Quite a modern phenomenon is the use of numerative measure words (liangci 量詞). In Classical Chinese, numerals and nouns were simply put side by side. Measure words are rarely seen and were restricted to certain expressions, like ma san pi 馬三匹 "three horses". The number is added after the noun as a kind of complement. In modern Chinese there is an abundant sea of measure words, like zhi 只 for small animals, pi 匹 for large animals, tiao 條 for long objects (also fish), zhang 張 for flat objects, wei 位 for honoured persons, chang 場 for events (like a rain) or theatre plays, or hui 回 for "(three) times". Ge 個 is a kind of general measure word. The syntactic construction is also different in modern Chinese: In the expression san pi ma 三匹馬, "three animals" is seen as an adjunct to "horse", and the measure word is treated like an interstitional particle.

A pair of crooked black belts with gold accents are slung around her hip, with a purple piece of fabric attached to the left-rear section of the lower belt. She wears thigh high stockings attached to her miniskirt by garter-belts on the front and back of each thigh, decorated with four golden studs above her knee and her emblem on the outside of each thigh in gold. She also wears black ankle boots with multiple buckles and white ribbons on the back tied in a bow. Around her neck is a purple pendant set in silver.
In the year 404, Huiyuan wrote a treatise On Why Monks Do Not Bow Down Before Kings (沙門不敬王者論).[4] This book symbolized his efforts to assert the political independence of Buddhist clergy from the courts of monarchic rulers. At the same time, it was a religious and political text that aimed to convince monarchs and Confucian-minded ministers of state that followers of Buddhism were ultimately not subversive. He argued that Buddhists could make good subjects in a kingdom due to their beliefs in retribution of karma and the desire to be reborn in paradise. Despite the Buddhists' reputation of leaving their family behind for a monastic life, Huiyuan stated "those who rejoice in the Way of the Buddha invariably first serve their parents and obey their lords."[1]
Directional verbs (quxiang dongci 趨向動詞) are normal verbs that can also be used as complements of result at the end of other verbs or adjectives, like na lai 拿來 "to take here", ji chu 寄出 "to send out", re qi lai 熱起來 "to become hot". Auxiliary verbs are used as in other languages, and they are places before the main verb. "Prepositions" (jieci 介詞) can be seen as auxiliary verbs, as they, too, are placed before the main verb and originally were full verbs themselves.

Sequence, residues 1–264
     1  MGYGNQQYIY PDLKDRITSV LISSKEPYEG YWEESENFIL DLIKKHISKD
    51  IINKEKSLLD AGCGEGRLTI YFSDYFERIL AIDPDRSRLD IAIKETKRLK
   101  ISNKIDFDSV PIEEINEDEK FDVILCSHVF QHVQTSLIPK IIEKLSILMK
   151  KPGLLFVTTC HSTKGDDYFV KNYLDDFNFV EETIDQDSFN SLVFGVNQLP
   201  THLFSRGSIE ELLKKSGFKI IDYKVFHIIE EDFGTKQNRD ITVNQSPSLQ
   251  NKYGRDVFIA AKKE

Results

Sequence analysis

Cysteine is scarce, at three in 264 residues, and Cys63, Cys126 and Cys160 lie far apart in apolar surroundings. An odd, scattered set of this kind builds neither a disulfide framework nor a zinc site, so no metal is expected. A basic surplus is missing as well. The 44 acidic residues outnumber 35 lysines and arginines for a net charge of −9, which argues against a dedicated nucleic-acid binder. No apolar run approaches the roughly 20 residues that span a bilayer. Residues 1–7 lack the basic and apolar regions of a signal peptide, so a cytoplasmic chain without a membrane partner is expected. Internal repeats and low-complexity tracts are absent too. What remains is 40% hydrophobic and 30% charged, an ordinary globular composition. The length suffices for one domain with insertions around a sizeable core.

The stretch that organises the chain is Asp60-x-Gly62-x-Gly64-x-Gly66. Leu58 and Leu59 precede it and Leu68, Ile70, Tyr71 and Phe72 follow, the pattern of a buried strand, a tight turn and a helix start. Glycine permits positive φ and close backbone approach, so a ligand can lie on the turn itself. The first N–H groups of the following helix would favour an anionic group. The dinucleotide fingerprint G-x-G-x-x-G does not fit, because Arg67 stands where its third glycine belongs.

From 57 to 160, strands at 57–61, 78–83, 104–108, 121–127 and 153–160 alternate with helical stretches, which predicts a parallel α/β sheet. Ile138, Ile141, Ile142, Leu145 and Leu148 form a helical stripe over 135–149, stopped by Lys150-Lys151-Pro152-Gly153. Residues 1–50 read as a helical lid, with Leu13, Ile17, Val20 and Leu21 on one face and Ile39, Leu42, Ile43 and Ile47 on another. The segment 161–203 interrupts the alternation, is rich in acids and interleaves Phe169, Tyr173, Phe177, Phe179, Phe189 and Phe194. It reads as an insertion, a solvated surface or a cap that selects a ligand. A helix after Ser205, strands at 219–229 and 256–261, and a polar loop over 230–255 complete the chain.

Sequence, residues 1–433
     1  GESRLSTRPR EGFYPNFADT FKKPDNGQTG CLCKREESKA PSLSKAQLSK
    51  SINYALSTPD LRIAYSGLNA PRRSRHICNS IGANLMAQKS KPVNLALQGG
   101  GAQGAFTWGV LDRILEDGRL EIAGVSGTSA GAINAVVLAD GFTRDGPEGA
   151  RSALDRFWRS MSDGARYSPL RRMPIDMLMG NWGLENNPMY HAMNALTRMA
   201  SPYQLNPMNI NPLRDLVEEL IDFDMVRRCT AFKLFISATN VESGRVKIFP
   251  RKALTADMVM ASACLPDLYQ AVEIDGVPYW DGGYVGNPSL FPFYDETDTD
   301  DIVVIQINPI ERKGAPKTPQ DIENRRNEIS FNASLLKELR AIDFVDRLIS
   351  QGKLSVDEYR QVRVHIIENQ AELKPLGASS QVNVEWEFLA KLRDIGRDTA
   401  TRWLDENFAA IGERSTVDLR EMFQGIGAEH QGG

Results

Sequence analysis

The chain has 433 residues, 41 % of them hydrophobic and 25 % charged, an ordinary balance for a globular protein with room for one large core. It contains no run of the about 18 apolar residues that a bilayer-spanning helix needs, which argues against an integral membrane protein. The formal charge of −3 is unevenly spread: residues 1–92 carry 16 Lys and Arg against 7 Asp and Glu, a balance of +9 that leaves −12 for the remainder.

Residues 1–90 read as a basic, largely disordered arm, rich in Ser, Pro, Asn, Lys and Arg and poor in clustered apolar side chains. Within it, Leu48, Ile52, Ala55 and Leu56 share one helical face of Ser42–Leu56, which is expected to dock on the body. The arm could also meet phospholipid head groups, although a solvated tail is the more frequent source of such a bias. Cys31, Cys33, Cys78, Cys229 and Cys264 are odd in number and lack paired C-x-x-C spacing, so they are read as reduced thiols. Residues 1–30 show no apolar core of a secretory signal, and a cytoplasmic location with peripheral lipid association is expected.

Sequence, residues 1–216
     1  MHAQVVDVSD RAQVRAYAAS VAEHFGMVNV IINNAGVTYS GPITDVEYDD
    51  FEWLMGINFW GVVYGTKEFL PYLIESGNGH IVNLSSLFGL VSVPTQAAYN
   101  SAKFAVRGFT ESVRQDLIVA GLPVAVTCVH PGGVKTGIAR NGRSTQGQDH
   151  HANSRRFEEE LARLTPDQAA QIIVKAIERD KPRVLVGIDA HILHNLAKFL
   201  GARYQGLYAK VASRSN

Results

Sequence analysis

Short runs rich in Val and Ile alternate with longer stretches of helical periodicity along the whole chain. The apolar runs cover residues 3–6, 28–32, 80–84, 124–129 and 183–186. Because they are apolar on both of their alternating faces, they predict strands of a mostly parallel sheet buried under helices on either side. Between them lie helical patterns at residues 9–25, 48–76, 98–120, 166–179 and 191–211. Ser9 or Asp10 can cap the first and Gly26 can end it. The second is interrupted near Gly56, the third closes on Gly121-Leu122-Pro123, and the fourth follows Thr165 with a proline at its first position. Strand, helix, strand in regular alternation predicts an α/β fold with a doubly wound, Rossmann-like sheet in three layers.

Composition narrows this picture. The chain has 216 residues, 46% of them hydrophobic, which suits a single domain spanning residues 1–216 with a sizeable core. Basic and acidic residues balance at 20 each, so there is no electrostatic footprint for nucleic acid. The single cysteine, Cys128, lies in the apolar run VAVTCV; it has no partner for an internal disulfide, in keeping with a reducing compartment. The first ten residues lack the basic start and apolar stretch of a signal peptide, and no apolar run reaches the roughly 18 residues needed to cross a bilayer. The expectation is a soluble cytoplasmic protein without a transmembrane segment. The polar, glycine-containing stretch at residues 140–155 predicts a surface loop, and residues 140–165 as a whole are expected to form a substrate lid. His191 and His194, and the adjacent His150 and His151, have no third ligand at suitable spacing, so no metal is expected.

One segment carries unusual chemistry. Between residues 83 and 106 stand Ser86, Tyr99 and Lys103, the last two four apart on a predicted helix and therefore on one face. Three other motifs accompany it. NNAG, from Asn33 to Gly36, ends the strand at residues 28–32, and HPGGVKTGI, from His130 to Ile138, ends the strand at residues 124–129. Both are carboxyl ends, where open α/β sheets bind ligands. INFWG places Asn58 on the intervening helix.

Structural particles (jiegou zhuci 結構助詞) serve to connect words with adjuncts and complements. The three particles are pronounced very similar and can easily be confounded, also by Chinese. The most simple is the particle de 的, the original meaning of which is "target" (compare the word mùdì 目的 "motif, objective"). From the Song period on, it became a particle connecting a noun and a noun adjuncts, and thus replaced the older particle zhi 之. It can be called a genetive particle, like "of" in English, "de" in French or no in Japanese.
This article spells out the methodological considerations and various procedural and methodological subtleties developed over the author's quarter century of sociological field studies of Russia's peasant worlds. Particular attention is paid to “voices from below”—peasant discursive formats that capture, in natural and undiluted form, the evolution of peasant practices constituting the core of ... [Show full abstract]Read more

Dr. Wang obtained a Ph. D. in Bioengineering at UCSD. He worked at University of Illinois as an assistant professor and an associate professor. He is interested in molecular engineering, fluorescence resonance energy transfer (FRET), live cell imaging, and bio-nanotechnology to visualize and elucidate the molecular mechanisms by which live cells perceive the environment and to engineer machinery molecules for the reprogramming of cellular functions. 

The most important topolects are Wu 吳, which is spoken in Shanghai, the southern part of the province of Jiangsu, and northern Zhejiang; Gan 贛, which is spoken in the province of Jiangxi; Xiang 湘, spoken in the provinces of Hunan and Guangxi; Yue 粵, better known as Cantonese and spoken in the provinces of Guangdong and Guangxi; Min 閩, spoken in the province of Fujian, and in Taiwan; and Hakka 客家, spoken in many scattered places in Guangdong, Fujian, Jiangxi, and in Taiwan. Cantonese and Hakka are also the main languages of Chinese Overseas.
The tone pitch can change, depending on the following syllable. In a word with two syllables of the falling-raising tone pitch, for example, the first syllable is spoken in the raising tone. In general, the third, falling-raising tone is spoken just low-level, without executing the full movement. This phenomenon is called tone sandhi (biandiao 變調) by linguists, sandhi being a Sanskrit word. The word yǔsǎn 雨傘 "umbrella", for example, changes to yúsǎn. The words bu 不, and the numbers yi 一, ba 八 and qi 七 also change their tone pitches according to the following syllable.